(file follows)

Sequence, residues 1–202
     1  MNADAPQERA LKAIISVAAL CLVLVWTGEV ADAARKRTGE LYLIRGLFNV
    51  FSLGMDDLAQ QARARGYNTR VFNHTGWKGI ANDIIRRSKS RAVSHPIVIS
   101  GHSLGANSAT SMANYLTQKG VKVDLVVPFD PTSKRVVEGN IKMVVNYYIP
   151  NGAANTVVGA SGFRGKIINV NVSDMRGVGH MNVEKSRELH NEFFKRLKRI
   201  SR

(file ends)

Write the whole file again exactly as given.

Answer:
Sequence, residues 1–202
     1  MNADAPQERA LKAIISVAAL CLVLVWTGEV ADAARKRTGE LYLIRGLFNV
    51  FSLGMDDLAQ QARARGYNTR VFNHTGWKGI ANDIIRRSKS RAVSHPIVIS
   101  GHSLGANSAT SMANYLTQKG VKVDLVVPFD PTSKRVVEGN IKMVVNYYIP
   151  NGAANTVVGA SGFRGKIINV NVSDMRGVGH MNVEKSRELH NEFFKRLKRI
   201  SR